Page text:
To me a library symbolizes an environment of sharing, of passive anti-corporatism, where no one needs to even bring out their wallet before entering and using their services. However, a library still needs a lot of money, and the Los Angeles Public Library (of which there are 8 regional branches and a whopping 64 community branches) needs $117 Million
, according to the Library's website (lapl.org
.) This is actually a $5.9 million cut from last year's budget.
Since the California budget cuts, California's services are hurting, and the libraries are having no small amount of trouble as well. This budget cut means many branches will be closed both Sunday and Monday, and less books and programs will be available to the public.
This is no good thing, but what budget cut is? If you were Mayor Villaraigosa, you would surely face opposition no matter what programs you decided to cut.
This may sound biased as a voice behind a blog, but I think that libraries, while very nice and useful, offer services that are a bit outdated. Services that we could live without for a few days a week.
For example, LA Weekly
interviewed a student who appreciated getting a book from the library called Under the Rainbow: Growing up Gay.
Great. Weekly quoted him saying, "The thing about libraries was that it was a place to get information for free." Hm, info for free? You don't say. I can tell you another place to get that service, and you're looking at it.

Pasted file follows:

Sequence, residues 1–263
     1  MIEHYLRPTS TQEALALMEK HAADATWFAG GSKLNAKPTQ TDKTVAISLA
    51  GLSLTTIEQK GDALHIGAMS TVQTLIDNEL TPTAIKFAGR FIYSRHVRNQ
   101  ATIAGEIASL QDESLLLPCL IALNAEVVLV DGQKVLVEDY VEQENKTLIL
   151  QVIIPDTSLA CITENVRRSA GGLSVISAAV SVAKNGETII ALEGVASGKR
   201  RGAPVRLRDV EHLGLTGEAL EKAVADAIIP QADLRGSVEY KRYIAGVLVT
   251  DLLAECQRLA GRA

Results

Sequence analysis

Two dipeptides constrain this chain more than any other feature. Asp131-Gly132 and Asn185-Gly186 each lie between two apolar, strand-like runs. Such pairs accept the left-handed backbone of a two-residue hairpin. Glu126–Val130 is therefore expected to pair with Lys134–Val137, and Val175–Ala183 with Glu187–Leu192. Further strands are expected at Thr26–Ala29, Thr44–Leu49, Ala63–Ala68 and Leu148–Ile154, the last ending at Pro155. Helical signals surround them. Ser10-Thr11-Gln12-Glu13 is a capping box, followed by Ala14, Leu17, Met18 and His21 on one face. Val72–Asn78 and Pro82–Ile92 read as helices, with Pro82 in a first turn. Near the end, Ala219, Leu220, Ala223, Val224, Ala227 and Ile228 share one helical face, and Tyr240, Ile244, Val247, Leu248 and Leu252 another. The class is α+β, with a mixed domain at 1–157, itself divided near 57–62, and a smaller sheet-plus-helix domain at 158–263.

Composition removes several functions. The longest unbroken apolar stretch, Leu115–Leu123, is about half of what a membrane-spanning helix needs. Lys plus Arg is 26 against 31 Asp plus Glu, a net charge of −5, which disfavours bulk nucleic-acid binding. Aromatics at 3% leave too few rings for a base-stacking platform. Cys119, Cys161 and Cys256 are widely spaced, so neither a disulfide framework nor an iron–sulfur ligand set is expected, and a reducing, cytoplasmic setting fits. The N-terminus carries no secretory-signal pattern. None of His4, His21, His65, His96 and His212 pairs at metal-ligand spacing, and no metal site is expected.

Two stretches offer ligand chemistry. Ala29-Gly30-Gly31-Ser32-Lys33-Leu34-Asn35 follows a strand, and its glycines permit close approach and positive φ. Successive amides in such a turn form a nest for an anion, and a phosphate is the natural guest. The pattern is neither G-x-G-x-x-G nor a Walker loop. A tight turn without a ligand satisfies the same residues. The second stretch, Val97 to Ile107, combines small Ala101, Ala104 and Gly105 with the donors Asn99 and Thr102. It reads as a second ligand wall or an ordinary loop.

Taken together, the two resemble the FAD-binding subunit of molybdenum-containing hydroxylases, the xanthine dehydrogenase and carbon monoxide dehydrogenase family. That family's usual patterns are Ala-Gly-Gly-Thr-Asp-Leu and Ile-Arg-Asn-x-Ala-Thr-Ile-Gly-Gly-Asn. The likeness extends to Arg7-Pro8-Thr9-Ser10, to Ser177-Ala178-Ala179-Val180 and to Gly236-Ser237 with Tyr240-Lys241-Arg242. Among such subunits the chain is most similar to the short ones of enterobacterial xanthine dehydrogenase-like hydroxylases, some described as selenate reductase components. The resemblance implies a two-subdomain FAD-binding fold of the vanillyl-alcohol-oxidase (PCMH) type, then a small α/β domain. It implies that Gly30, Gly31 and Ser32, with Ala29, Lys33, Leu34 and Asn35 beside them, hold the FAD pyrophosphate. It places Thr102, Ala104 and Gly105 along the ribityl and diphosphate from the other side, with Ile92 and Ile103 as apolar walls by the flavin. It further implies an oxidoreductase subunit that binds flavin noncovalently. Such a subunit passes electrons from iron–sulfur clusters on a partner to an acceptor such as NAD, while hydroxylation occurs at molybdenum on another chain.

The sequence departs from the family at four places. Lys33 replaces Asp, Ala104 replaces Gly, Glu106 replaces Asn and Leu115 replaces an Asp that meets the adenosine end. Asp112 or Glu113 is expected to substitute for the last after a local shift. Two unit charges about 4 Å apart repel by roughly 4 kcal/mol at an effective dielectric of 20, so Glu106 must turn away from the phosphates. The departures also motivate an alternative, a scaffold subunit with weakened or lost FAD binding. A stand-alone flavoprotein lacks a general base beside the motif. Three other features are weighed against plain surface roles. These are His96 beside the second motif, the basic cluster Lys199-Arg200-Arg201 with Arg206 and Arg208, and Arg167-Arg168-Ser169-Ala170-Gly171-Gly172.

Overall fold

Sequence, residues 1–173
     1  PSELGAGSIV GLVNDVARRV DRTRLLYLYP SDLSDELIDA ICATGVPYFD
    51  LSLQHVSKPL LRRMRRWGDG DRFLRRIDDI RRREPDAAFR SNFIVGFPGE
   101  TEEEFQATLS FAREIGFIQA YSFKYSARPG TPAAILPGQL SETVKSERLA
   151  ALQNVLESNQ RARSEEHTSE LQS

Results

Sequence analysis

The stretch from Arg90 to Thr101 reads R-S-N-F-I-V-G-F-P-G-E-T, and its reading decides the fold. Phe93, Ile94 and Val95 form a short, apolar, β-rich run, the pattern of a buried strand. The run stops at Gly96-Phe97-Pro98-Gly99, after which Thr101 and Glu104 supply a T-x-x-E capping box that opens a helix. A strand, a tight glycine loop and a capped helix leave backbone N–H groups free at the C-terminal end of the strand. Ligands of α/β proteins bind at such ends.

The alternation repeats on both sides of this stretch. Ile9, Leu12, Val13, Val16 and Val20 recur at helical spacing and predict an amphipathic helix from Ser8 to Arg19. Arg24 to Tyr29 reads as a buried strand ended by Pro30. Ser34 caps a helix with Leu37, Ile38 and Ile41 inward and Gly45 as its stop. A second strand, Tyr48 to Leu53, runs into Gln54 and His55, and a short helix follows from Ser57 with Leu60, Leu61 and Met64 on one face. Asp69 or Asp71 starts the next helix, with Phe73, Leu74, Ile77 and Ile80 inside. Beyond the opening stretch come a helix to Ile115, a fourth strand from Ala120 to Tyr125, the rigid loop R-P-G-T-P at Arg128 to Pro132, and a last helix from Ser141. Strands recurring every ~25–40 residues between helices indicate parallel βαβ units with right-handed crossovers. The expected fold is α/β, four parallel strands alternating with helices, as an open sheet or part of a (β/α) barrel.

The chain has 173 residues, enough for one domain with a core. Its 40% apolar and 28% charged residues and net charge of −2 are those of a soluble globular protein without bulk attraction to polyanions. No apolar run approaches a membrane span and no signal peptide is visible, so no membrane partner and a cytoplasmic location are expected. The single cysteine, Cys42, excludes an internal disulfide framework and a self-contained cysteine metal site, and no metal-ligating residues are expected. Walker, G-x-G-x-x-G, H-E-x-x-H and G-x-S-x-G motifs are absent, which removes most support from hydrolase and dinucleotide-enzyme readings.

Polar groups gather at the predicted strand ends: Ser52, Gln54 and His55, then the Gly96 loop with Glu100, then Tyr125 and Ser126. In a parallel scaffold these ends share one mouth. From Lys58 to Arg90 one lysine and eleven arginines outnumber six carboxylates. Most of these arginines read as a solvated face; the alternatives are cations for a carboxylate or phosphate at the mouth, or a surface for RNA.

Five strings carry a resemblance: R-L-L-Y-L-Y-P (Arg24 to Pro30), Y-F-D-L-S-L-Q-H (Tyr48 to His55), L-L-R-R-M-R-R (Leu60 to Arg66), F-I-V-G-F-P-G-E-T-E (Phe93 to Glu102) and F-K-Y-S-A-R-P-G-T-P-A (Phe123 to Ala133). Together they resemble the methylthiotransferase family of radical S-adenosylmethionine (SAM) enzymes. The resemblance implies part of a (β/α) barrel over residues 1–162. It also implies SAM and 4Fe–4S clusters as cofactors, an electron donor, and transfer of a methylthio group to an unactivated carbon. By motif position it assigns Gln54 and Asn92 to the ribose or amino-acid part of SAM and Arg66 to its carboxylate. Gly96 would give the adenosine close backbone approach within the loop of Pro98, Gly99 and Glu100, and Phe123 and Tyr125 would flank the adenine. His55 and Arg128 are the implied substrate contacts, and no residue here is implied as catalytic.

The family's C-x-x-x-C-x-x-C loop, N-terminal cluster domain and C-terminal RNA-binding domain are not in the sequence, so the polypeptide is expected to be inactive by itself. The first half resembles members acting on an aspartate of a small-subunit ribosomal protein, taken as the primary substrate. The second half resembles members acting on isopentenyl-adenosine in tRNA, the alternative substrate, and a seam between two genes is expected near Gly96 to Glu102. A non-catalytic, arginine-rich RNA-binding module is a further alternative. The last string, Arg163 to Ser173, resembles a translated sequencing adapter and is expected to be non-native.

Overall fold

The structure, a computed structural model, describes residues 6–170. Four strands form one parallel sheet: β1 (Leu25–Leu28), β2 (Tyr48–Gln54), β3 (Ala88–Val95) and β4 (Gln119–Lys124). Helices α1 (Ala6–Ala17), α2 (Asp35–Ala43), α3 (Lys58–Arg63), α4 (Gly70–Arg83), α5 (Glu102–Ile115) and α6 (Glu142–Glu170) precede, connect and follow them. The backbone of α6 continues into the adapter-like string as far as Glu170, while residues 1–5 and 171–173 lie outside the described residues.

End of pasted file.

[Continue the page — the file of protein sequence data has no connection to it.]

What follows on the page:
Of course libraries offer more than that. This article
from the Jewish Journal of Greater Los Angeles suggests that we cut money from a Gang Reduction and Youth Development program, as that program costs $5,245 per youth and the library, which serves many more young people, only costs $6.40 per youth. It cites the library as a safe place for students to go, and then inherently a hindrance to gang relations.
Other services are being hit even harder. According to this Daily News article
by Rick Orlov, hundreds of people are being laid off, daytime child care programs are being canceled at parks and Kid's programs are being scaled back.
While I'm personally for social programs (well, now that I don't pay income tax), I think a small cut to the Public Libary's budget isn't going to kill anyone, so long as they are generally there. There are still thousands of places you can visit in LA on a Sunday, for which the city pays, like the nearest park or some community centers.